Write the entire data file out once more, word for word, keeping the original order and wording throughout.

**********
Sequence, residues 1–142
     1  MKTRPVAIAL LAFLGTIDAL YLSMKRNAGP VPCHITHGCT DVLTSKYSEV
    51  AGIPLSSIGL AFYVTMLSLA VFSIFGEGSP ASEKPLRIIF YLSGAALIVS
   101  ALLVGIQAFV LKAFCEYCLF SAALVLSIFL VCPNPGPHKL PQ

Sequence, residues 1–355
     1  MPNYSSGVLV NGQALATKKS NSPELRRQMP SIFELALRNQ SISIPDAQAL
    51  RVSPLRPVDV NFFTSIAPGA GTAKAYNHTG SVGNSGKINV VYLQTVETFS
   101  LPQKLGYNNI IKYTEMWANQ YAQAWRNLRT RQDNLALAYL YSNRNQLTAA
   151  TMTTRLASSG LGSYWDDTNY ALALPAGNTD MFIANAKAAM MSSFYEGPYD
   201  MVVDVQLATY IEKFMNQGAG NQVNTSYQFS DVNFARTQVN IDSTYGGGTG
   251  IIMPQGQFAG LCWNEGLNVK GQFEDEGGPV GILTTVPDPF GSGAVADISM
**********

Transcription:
Sequence, residues 1–142
     1  MKTRPVAIAL LAFLGTIDAL YLSMKRNAGP VPCHITHGCT DVLTSKYSEV
    51  AGIPLSSIGL AFYVTMLSLA VFSIFGEGSP ASEKPLRIIF YLSGAALIVS
   101  ALLVGIQAFV LKAFCEYCLF SAALVLSIFL VCPNPGPHKL PQ

Sequence, residues 1–355
     1  MPNYSSGVLV NGQALATKKS NSPELRRQMP SIFELALRNQ SISIPDAQAL
    51  RVSPLRPVDV NFFTSIAPGA GTAKAYNHTG SVGNSGKINV VYLQTVETFS
   101  LPQKLGYNNI IKYTEMWANQ YAQAWRNLRT RQDNLALAYL YSNRNQLTAA
   151  TMTTRLASSG LGSYWDDTNY ALALPAGNTD MFIANAKAAM MSSFYEGPYD
   201  MVVDVQLATY IEKFMNQGAG NQVNTSYQFS DVNFARTQVN IDSTYGGGTG
   251  IIMPQGQFAG LCWNEGLNVK GQFEDEGGPV GILTTVPDPF GSGAVADISM